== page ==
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  • Glossary
| Last Updated:22/03/2018



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Growing, living in, or frequenting waters.

annual turnover

The rate of replacement of individual animals in a population. Birds, such as quail, may have a 70 percent turnover annually. This means that only 30 percent of the birds alive at the beginning of one year are still alive at the end of the year. The reproductive capabilities of a species will match the mortality, or turnover rate.

animal community

Animals of various species living within a certain habitat, each occupying a specific     position in that particular environment; directly parallel to plant communities.


An organism, like bacteria, that lives without the presence of oxygen

Age structure

is the number of individuals of each age within the population.


Sensitivity to or appreciation of beauty through recognition of its unique and varied components or through its orderly appearance.

Age class

is a group of animals in a population with approximately the same age (i.e., fawn, yearling, adult).


Living or occurring only in the presence of oxygen

aerate, aeration

To supply with air or oxygen; to loosen the soil to add air space to it; to supply running water with additional oxygen, as when a stream runs over falls or rapids or when wind creates waves on a lake.

adapted, adaptation

The process of making adjustments to the environment. For example, plants grow only where soil types, moisture, and sunlight are balanced to the proper degree. Desert plants have adapted so they live under intense sunlight, on poor quality soils, and with a much reduced water supply.


Rain, snow, or other forms of water that are made more acid by the waste gases that come mainly from the burning of coal and oil products. The gases (usually sulfur dioxide and oxides of nitrogen) mix with water and other materials in the air. Acid rain falls on the land and water, and can affect wildlife, plants, soil, and building materials.


Non-living factor in an environment; for example, light, water, temperature, or rocks.


The ecology of an organism or taxonomic group; also, the study of how organisms affects plants.


 Volcanically raised islands that arc near subduction zones where one continental plate rides over another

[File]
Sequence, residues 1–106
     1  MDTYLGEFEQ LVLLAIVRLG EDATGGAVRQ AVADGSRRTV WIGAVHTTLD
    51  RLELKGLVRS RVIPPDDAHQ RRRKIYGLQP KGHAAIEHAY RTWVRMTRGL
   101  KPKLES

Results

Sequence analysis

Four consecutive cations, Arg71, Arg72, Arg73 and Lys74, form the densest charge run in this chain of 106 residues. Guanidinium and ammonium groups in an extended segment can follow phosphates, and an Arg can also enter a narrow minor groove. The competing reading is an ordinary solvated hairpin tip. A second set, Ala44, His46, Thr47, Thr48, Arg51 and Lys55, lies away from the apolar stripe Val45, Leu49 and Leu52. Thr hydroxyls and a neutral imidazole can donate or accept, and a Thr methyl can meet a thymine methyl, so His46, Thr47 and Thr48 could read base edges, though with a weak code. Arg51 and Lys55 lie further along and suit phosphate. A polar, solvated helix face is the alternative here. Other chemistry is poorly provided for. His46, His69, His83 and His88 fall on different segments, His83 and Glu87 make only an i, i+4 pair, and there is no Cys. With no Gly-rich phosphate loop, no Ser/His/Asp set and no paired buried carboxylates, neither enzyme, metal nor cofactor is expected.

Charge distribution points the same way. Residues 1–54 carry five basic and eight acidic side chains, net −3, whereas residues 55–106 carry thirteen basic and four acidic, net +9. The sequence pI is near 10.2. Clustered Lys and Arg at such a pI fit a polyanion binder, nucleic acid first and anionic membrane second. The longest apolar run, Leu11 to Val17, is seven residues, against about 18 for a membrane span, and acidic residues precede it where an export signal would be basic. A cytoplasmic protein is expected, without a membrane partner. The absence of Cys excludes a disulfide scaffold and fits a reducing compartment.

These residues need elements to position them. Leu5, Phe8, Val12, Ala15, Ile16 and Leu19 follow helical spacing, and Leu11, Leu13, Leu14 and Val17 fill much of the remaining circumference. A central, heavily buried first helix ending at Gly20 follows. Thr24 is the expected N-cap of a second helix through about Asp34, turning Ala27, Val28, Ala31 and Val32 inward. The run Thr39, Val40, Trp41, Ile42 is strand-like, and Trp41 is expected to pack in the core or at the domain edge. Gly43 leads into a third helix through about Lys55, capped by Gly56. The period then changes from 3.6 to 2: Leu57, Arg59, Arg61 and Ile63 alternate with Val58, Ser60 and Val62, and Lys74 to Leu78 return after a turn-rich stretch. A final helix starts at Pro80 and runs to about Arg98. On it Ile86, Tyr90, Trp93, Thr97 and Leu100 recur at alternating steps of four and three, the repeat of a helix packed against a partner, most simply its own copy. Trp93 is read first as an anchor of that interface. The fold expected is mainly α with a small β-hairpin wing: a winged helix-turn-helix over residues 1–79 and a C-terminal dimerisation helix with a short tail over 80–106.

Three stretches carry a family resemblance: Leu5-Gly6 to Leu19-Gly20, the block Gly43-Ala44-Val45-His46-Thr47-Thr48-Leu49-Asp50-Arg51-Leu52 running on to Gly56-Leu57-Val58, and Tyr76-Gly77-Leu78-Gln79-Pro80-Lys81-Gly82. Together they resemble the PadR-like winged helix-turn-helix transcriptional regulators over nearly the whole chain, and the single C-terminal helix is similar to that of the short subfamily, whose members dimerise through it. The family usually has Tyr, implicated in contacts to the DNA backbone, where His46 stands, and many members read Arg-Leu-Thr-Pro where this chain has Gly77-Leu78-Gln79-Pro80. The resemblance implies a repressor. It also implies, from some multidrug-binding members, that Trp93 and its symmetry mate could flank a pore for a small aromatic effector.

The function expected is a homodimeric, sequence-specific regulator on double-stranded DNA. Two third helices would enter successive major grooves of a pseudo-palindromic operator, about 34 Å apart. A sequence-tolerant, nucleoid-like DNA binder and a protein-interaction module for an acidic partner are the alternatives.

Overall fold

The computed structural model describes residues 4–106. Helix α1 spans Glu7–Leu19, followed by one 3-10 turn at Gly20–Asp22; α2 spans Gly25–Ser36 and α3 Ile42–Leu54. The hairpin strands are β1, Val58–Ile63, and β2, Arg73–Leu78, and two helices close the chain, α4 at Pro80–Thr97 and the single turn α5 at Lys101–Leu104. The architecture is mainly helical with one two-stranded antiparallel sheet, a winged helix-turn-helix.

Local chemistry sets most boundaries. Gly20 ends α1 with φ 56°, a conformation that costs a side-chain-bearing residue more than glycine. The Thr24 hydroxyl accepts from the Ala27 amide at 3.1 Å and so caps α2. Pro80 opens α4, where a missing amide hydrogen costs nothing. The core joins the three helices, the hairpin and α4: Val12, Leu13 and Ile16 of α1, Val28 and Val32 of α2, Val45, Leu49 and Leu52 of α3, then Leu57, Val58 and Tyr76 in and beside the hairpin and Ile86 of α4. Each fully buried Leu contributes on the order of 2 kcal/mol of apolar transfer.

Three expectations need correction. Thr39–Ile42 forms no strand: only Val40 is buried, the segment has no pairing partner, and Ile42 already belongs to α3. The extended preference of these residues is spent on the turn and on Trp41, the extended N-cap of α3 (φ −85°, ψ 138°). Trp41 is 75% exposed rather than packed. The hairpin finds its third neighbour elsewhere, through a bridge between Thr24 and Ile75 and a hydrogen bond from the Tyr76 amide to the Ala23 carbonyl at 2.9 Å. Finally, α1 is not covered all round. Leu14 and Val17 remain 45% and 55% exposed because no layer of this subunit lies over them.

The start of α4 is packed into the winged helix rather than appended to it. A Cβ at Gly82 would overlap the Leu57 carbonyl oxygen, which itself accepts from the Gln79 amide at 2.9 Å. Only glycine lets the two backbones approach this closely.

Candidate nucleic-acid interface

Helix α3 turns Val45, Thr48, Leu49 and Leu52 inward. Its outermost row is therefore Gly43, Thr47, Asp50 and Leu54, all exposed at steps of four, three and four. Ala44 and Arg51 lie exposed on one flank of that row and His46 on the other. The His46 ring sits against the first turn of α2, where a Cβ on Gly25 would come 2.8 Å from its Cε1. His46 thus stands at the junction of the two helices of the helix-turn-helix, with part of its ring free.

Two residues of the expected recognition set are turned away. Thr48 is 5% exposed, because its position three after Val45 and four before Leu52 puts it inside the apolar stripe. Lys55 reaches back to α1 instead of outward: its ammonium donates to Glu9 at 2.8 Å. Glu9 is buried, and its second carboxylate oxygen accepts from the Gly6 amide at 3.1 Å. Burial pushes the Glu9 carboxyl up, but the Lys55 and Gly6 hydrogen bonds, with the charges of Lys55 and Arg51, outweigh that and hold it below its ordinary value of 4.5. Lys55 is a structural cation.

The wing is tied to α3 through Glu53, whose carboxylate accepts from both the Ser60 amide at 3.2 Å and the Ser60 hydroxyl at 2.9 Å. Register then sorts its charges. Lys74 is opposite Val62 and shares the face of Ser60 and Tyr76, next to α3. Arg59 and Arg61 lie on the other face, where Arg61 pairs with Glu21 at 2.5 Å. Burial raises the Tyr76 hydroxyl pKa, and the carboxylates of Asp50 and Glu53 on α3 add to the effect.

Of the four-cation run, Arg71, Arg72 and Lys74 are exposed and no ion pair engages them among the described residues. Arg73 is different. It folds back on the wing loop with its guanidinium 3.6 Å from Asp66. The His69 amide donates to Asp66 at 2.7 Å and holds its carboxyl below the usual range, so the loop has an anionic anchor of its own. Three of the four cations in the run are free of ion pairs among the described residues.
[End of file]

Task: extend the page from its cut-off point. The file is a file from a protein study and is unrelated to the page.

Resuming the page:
Growing and harvesting fish and shellfish in land-based ponds.


 Prevailing natural conditions studied and recorded outside rather than indoors.


Planting crops among trees

Algal Bloom

 Explosion of a phytoplankton population, sometimes because of incoming pollutants that artificially enrich the waters with nutrients.


 Primarily marine organisms, single-celled or multicellular, that use chlorophyll to feed, like plants, but lack the roots, leaves, flowers, etc. of true plants.


A reversible physical change in an adapting organism in response to environmental pressures.


The number of organisms in a given population.


Organisms that resemble bacteria but also display characteristics found in multicellular organisms.


Growing and harvesting fish and shellfish in land-based ponds.


Evolving a type of protective coloration found to be useful by other species.

Apical Meristem

The tissue-creating cells at the growing tip of a branch or root.


The plantless zone at the bottom of a lake.


Soft-bodied insects that eat green leaves.


A flowering plant or its closest relatives.


The organ that produces antherozoids--male gametes (sperm cells)--in algae, bryophytes (mosses, liverworts), and pteridophytes (club mosses, ferns, horsetails)


The pollen-producing tip of a flower's stamen.


Pioneer plants which grow, flourish, and die in one season, seeds often germinate during the following wet season.


Jointed, backbone-less animals--namely, arachnids, insects, and crustaceans-often protected by a shell or exoskeleton.


A multicellular female reproductive organ in mosses, ferns, and the majority of gymnosperms. Normally flask-shaped, it corresponds to the pistil in flowering plants.


The animal kingdom branches into the deuterostomes (mouth and anus develop separately) and the protostomes. Animals are multicellular and possess mitochondria, a complex nervous system, and cells protected by a membrane and filled with complex organelles.


Flowering plants that place their seeds in fruits. The monocots have an embryo with a single cotyledon (seed leaf), three-part flowers, parallel leaf veins, and adventitious root growth. Dicots have two cotyledons, four- or five-part flowers, and net leaf vein patterns. Monocots include grasses, orchids, palms, and cattails, and dicots include oaks, sycamores, and maples.


Seed plants pollinated by the wind.


A vertebrate whose skull contains no side openings behind the eyes. The only living examples are turtles.


Evolutionary change, but without spilling over into speciation.


Chemical reactions in the absence of oxygen and often initiated by bacteria or archaeans (bacteria like organisms that live in extreme conditions).


Metabolic processes that build tissues and organs.


newts, frogs, salamanders: vertebrate animals that can live in water and on land.


A fluid-filled sac that safely enfolds a growing mammal, reptile, or bird embryo.

Amino Acids

Ammonia-carbon acids that when strung together in long double-bonded chains (peptides) build proteins.


A one-sidedly harmful relationship between dissimilar organisms.


fine-grained sedimentary rock consisting mostly of hardened clay particles


cold-blooded, smooth-skinned vertebrae of the class Amphibia, such as a frog or salamander, that characteristically hatch as aquatic larva with gills. The larva then transforms into an adult having air-breathing lungs.


sediment or soil that is deposited by a river or running water


small to medium-sized hawks, of the genus Accipiter, characterized by short-broad wings and a long tail, i.e., Cooper's Hawk